Two Journeys into the Afterlife: Dante Alighieri and Abu Ala al-Ma’ari
By: Malorie Lewis / Arab America Contributing Writer
The concept of an afterlife, Heaven and Hell, is an idea that humanity has eternally dwelled over. At the center of many famous works of art and compositions is the great beyond. Over the history of mankind, many theologians have attempted to define the afterlife; from the ancient Egyptian Field of Reeds to the modern Abrahamic interpretations of Heaven and Hell.
Today, we will discover and compare two poetic renditions of the afterlife written hundreds of years apart; Risalat al Ghufran (The Epistle of Forgiveness) by Syrian Poet Abu Ala al Ma’ari and The Divine Comedy by Italian poet Dante Alighieri. The two poems and their authors are similar in many ways. Because of that similarity, many speculate that Risalat al Ghufran directly influenced Dante and his comedy. Although that has never been proven, let’s explore these two works and you can decide for yourself.
The Divine Comedy: Inferno Purgatorio Paradisio
Dante’s Divine Comedy is one of the most popular works in medieval European literature. This poem trilogy brought awareness to the hypocrisy in the Roman Catholic Church and the State in the 14th century. He spent his life in exile, away from his home in Florence. This happened as a result of what he perceived as corruption in the church. However, Dante held hope that he would be allowed to return home from his exile after he completed his masterpiece. Dante was not wrong, his work became a literary success, but unfortunately, he died in exile never to return home.
Dante’s pilgrimage through Inferno, Purgatory, and Paradise takes place in the Christian Catholic vision of the afterlife. In addition, he added some of his own adaptations for artistic flair. His passage through the afterlife is heavily laden with political criticisms of people Dante knew in his life. He incorporated them, along with other famous historical, and literary figures from his time period. The poem centers on cleansing the soul while passing through each layer of the afterlife. Ingeniously, he uses these characters as examples of each sin. Dante was a bold writer, making himself one of the top five poets in the world during his interactions in Purgatory. This illuminated one of Dante’s greatest sins, intellectual pride.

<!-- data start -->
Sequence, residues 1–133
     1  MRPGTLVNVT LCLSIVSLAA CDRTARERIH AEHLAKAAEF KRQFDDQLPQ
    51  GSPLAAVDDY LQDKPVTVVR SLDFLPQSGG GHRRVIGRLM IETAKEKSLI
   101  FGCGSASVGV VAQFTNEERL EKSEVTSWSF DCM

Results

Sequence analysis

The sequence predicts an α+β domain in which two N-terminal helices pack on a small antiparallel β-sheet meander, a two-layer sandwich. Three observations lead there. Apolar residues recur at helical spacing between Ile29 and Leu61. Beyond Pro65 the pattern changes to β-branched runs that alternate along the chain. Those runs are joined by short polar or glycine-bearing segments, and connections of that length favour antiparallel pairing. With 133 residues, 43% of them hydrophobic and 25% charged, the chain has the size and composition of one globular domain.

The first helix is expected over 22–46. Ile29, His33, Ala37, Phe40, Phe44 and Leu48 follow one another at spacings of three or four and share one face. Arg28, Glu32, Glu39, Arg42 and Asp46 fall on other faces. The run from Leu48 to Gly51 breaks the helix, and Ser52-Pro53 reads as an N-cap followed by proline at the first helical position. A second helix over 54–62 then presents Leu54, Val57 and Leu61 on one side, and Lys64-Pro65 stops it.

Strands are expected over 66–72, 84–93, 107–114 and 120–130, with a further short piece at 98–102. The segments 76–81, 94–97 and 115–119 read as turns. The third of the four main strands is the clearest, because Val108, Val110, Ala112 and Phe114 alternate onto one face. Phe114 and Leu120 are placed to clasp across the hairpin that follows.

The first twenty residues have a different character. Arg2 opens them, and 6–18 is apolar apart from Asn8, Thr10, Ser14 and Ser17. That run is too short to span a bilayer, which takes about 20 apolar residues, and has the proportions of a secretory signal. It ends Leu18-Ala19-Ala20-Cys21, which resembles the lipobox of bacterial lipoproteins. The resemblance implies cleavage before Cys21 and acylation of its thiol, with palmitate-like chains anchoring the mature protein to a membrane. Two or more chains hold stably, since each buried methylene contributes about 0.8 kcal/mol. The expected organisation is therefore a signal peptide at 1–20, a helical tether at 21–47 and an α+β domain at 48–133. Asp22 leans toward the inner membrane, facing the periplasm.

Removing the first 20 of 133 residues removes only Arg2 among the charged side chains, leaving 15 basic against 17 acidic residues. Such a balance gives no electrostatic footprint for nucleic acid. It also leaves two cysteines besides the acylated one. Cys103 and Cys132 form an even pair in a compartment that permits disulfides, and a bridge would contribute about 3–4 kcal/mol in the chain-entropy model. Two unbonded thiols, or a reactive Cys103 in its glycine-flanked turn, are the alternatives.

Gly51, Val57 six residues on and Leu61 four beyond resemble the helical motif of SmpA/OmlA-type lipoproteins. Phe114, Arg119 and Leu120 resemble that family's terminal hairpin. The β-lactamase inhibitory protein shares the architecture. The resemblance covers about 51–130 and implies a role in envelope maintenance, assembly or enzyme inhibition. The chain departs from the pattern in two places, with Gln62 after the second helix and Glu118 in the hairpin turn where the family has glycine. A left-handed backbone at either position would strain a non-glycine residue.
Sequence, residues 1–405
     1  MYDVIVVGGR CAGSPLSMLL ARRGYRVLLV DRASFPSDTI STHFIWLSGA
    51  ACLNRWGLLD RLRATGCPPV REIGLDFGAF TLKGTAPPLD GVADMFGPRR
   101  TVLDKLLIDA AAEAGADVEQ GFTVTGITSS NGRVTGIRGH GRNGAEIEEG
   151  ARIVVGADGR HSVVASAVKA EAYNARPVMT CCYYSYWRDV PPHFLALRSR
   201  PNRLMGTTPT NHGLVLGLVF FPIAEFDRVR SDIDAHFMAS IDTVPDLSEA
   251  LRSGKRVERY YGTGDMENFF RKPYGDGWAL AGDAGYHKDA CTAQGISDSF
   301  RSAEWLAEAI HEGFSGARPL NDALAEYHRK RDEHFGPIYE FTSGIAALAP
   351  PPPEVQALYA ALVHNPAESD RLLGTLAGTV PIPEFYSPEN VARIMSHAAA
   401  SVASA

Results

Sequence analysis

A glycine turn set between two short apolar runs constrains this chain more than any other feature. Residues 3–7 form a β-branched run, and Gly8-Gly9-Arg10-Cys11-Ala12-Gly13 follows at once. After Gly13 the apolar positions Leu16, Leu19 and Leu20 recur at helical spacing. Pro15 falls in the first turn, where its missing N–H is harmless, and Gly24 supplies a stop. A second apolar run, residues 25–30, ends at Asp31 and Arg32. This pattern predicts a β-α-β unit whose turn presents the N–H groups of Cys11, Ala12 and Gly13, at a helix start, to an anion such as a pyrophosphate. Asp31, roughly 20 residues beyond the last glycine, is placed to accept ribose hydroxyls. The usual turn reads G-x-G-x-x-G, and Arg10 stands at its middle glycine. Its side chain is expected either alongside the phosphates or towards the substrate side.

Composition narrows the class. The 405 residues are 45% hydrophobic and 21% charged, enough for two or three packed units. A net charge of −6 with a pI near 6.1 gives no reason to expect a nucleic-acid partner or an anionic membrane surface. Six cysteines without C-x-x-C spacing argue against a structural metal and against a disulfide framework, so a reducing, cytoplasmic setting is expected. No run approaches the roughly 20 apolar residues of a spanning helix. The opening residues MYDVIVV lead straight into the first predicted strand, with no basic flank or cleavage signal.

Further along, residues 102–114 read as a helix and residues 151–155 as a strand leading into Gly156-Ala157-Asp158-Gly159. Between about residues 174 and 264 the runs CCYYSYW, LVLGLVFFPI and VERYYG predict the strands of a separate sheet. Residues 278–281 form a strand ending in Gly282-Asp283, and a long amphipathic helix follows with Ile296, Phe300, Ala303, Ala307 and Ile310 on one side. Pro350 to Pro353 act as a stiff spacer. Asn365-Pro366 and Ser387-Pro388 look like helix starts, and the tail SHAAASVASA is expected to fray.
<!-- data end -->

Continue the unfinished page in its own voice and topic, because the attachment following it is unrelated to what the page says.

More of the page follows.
Risalat al Ghufran: The Epistle of Forgiveness
Abu al-‘Ala’ al Ma’ari, was a Syrian poet born in Ma’arra, modern Ma’arrat al-Nu’man, Syria, near the city of Aleppo, in 973. He wrote “Risalat al Ghufran”, which translates into the Epistle of Forgiveness in English, during the Abbasid era. He was a big poet, theologian, grammarian, and philosopher of his time. Many condemn him as a heretic, even today, due to his excessive use of Sarcasm towards Islamic belief and a seeming attempt to surpass the Quran through his exceptional command of the Arabic Language. Amazingly this poet lost his eyesight at a young age, but he continued on to be one of the most prolific Arab poets of his time. His loss of sight left him feeling isolated much like Dante during his exile.
In Risalat al-Ghufran, al-Ma’ari is recounting the tale of a proud grammarian named Ali Ibn Mansour (called Ibn al-Qarih more frequently in the poem) who wrote a letter to al-Ma’ari hoping to meet him. Ibn al-Qarih taunts with his knowledge and questions several poets and thinkers of the time eluding to the idea that they were heretics. The letter questioned al-Ma’ari himself. Which led to the response of the “Risalat al-Ghufran”. al-Ma’ari writes the journey of this man through death and his journey from a purgatory-esque location to Paradise, as well as a short glimpse of hell.
There are some interesting similarities between the two works by Dante Alighieri and Abu Al-Ala al-Ma’ari. The main themes that are quite similar are; the importance of poetry, the inclusion of Pagans in spaces other than Hell, and ways of receiving redemption and access to Paradise. Now it might be said that these similarities come from the common theme being that they are describing an Abrahamic religious afterlife, but again I will let you decide for yourself!